What was this Model X? Collier & Sons began building bicycles in the 1800s, and then moved on to the motorized version, first budying engines to put into homebuilt frames and then building their own V-twin in 1912. After father died in 1926 the sons decided to take the company public and changed the name to Matchless Motor Cycles (Colliers) Ltd. In 1929 the 982cc (actual size) sidevalve V-twin was designated as the Model X—which was the predecessor to the Model X Sports Tourist that we are covering here. This long-wheelbase bike with a heavy frame was mostly sold to the sidecar crowd—which was mainly families in that time of the Great Depression: mom on the back, two kids and the dog in the hack.
Move forward seven years, the Depression was easing, and in time the X became the X/2, followed by the X/3 and X/4, each with very minor changes. 1937 rolled in and Matchless decided to make major changes, lightening and shortening the chassis and calling it the Model X Sports Tourist, putting it more in line with the sporting desires of the solo rider. Maybe this was the first sport-touring bike on the market.
The new X had 57 inches between the axles. By comparison, two famous Brit V-twins of the era, like the Vincent, had 56.5, and Brough-Superior, 59. The frame was a full-cradle, with twin downtubes attached to a pair of arms that supported the engine and transmission, continuing on to be part of the rigid rear end—pretty much standard for the day. An excellent Brampton girder fork sat up front, with the links forged and not stamped. Two large rotary friction dampers were on the sides, focused on vertical movement—the 1930s equivalent of air-adjustable fork legs. A third very traditional damper, which many readers will have seen on telescopic forks, was above the steering head to control sideways movement.
All of this was done to improve handling, with the steering reputed to be light, precise and accurate. As one 1937 road test reported, the bike “…laid over in fast corners without any sign of snaking or wandering.”
Wheels were both 19 inches, with a 3.25 tire on the front, a 4.00 on the rear. Braking was effected by narrow eight-inch drums with single leading shoes, and while the tester called them good, that would hardly apply today. Back then traffic was light, and riders were taught to think far ahead.
Handling was one thing, power was another. The bore and stroke was perfectly square, at 85.5 mm, and the compression ratio was 5.5:1. The two cylinders had an included angle of 50 degrees, and were slightly offset to allow the two connecting rods to sit side by side on the crankshaft. The cylinder heads had been modified to improve combustion, and thus create a little more power. A single Amal carburetor, with remote float bowl, sat on the left side of the engine.
At the base of the cylinders, on the right side, two shiny aluminum rectangles provided access to the pushrods for adjustment purposes. It was a dry-sump engine, with the oil tank beneath the rider’s saddle having a piecrust filler cap, easy to grip. A rotating plunger pump made sure the oil went where it was supposed to go.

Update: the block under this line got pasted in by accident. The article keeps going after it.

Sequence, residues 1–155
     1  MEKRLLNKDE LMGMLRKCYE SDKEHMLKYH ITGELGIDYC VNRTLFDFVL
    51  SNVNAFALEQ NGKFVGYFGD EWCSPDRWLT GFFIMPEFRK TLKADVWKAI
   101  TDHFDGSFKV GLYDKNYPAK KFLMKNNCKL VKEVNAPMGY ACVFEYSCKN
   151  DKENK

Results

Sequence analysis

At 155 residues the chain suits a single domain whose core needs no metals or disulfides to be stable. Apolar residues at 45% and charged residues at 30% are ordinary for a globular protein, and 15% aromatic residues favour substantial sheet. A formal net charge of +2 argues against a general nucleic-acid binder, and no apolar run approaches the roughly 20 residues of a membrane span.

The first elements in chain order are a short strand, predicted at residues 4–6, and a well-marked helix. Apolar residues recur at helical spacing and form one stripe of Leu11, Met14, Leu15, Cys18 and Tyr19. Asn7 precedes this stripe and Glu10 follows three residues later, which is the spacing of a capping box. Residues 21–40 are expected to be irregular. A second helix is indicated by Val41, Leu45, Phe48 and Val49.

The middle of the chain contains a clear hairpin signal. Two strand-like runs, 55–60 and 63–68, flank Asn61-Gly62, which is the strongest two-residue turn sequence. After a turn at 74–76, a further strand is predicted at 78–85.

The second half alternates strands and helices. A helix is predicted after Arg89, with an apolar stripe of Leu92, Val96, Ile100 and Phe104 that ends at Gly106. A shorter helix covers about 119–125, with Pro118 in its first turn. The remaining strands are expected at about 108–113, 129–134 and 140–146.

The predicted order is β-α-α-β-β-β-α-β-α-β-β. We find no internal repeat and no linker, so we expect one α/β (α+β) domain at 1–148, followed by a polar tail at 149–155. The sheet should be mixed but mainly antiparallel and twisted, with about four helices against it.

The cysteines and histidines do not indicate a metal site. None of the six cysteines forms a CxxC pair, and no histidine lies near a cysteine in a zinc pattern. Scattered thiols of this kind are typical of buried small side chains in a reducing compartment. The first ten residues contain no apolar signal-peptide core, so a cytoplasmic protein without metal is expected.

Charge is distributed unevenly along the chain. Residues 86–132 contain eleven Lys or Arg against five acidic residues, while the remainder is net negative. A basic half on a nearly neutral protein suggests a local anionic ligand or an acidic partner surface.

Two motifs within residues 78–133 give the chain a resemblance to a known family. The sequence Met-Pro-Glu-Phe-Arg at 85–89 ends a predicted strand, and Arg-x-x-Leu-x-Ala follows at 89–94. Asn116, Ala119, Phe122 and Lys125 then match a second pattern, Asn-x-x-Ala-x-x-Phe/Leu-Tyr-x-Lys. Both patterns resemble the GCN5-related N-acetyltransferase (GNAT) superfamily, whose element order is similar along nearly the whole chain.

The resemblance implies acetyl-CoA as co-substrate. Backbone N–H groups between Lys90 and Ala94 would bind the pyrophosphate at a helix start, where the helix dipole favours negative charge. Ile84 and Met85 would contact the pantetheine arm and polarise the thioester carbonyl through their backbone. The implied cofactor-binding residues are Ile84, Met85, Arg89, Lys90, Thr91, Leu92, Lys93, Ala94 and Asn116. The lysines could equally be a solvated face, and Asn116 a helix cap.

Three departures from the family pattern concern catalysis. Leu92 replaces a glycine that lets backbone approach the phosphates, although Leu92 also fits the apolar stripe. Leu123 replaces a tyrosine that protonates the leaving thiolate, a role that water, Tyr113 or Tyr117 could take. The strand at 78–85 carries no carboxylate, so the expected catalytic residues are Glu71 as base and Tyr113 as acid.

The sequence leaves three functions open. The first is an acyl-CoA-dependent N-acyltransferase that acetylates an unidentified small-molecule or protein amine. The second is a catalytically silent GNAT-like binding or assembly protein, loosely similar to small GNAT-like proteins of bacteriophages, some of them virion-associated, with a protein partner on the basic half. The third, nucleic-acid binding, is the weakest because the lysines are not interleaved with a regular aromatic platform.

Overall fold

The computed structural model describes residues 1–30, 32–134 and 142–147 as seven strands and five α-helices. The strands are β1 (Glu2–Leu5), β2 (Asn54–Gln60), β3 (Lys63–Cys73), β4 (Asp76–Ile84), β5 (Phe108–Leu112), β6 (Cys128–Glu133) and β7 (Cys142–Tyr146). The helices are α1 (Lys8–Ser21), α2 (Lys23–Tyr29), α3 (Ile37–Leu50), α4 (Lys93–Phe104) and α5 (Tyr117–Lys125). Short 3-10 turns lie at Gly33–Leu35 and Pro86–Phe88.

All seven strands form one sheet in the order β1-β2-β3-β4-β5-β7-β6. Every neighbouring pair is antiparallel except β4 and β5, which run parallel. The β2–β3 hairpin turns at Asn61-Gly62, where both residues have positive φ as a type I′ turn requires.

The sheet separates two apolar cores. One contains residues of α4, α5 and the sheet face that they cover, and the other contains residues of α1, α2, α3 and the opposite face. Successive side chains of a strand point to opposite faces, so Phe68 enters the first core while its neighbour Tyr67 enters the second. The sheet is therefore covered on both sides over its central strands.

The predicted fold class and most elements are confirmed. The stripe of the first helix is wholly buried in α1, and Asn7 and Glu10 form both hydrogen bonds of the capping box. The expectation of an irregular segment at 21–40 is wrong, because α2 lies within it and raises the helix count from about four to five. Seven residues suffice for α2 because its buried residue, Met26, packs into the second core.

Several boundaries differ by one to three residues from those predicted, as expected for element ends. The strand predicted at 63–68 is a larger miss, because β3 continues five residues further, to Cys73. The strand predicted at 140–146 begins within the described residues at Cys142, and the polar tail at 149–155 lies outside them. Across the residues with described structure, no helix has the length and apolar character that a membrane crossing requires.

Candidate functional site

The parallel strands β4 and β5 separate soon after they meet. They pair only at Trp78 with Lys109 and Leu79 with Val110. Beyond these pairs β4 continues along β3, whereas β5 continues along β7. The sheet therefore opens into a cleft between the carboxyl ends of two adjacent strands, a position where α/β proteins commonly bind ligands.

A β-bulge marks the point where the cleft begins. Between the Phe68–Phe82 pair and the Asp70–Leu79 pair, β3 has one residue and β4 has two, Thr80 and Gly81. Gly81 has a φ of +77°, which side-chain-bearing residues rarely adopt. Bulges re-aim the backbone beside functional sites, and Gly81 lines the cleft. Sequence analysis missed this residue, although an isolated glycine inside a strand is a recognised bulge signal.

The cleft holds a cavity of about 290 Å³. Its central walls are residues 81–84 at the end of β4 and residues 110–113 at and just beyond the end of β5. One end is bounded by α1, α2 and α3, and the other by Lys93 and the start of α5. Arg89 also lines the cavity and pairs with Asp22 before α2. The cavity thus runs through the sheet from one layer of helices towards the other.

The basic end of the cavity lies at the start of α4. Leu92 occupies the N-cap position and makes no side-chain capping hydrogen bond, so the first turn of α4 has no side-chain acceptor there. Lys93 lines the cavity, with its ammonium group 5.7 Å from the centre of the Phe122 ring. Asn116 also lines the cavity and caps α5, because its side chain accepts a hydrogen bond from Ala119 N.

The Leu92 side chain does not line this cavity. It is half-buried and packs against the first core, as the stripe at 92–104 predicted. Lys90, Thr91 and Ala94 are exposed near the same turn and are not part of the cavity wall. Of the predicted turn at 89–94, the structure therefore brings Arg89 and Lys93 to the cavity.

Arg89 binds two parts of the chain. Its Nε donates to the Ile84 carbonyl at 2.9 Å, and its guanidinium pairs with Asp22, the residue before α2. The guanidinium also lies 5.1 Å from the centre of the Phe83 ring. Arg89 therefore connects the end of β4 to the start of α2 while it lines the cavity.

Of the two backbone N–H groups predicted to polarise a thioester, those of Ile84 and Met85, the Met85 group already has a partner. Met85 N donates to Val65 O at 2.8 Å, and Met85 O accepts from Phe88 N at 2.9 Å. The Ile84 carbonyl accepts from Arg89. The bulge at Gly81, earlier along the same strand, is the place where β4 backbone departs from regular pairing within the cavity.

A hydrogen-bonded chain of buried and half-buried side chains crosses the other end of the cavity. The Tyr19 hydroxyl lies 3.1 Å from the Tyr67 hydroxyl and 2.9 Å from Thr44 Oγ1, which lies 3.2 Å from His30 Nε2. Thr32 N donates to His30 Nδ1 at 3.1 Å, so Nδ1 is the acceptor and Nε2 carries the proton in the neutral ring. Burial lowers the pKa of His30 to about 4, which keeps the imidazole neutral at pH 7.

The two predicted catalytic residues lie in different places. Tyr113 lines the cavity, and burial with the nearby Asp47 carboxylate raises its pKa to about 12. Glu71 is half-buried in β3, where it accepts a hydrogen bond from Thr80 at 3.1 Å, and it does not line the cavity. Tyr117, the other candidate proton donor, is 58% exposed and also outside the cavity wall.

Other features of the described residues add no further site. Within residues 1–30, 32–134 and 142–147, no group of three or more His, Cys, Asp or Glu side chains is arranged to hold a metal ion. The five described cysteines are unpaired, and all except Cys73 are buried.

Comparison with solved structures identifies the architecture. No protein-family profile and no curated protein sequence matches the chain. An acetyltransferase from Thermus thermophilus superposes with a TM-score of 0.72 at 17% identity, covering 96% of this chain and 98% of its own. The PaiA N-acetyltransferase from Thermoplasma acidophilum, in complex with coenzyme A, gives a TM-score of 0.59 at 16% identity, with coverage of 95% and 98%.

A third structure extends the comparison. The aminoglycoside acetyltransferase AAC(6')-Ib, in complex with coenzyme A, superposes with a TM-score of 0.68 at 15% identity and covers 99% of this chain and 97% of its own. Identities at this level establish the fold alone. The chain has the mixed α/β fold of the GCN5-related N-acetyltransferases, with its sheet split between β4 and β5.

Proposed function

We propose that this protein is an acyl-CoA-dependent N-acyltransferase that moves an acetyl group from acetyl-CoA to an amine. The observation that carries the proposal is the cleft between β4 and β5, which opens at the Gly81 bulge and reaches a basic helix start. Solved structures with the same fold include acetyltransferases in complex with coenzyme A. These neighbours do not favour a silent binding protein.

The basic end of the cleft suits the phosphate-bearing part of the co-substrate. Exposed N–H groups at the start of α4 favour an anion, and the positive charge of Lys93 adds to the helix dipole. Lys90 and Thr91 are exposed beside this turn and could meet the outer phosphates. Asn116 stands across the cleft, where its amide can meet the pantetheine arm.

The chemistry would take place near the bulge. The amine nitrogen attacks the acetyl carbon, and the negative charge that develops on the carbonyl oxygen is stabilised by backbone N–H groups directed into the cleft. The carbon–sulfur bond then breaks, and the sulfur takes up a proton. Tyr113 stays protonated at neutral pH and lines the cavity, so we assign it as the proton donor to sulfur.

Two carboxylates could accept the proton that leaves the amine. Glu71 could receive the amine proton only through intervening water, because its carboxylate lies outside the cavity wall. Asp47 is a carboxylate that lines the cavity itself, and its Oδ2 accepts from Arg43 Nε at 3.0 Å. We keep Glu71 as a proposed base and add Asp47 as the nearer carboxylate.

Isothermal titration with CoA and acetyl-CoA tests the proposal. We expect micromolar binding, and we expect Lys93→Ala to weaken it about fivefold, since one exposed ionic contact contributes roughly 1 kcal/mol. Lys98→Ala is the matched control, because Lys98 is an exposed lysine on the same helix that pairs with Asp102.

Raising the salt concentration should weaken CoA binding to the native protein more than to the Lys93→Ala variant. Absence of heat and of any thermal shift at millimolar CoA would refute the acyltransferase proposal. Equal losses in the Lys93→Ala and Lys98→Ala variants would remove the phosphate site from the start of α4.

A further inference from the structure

A Lucas magneto in front of the cylinders and a dynamo sitting above the gearbox provided electricity. The mag provided spark to the two plugs, while the dyno kept a six-volt battery charged, and a large headlight showed the way at night. The taillight was adequate, but apparently Matchless was not much interested in brake lights.
Some 25 horsepower (estimated) went out to the single-row primary chain, and back to a Burman clutch. The polished round panel on the primary case could be easily removed if any clutch adjustment was needed. It controlled access to the four-speed Burman transmission, with another chain going back to the rear wheel. Of course, adjusting the primary chain meant moving the gearbox and then adjusting the main chain as well. Bikes of yore were labor intensive.
Lots of painted metal, with the two fenders and toolbox, along with the gas tank. The sprung seat provided adequate comfort if the road was not too bumpy. In the center of the 3-gallon gas tank sat the ignition switch, a trouble light, ammeter and a chrome cover for the missing optional clock. In 1938 Matchless changed its name to Associated Motorcycles Ltd. after buying the Sunbeam motorcycle company, and the “M” badge sprouted wings.
Performance was acceptable, considering the old design. A reviewer wrote that as soon as the bike got under way “… the rider forgets that he is astride a heavyweight machine.” The X could reach 70 mph in the standing quarter-mile and had a top speed of about 80. Which brings to mind the fact that George Brough used a modified Matchless engine in his SS80 Brough-Superior. Brough sold his machines for 90 pounds, whereas the Matchless version was less than 70 quid.
However, the Triumph Speed Twin and BSA Gold Star single both appeared in the late 1930s, 500cc OHV bikes that weighed 100 pounds less than the X, put out roughly the same power, and consequently could dance around this flathead 990cc.
World War II began in 1939, and the factory turned to making 350 singles for the military. Leftover parts saw a few X models being built in early 1940, and the model was not resurrected after the war.
Nice! Remember seeing one of these in the side alley of a motorcycle dealership in Cork, Ireland in 1974.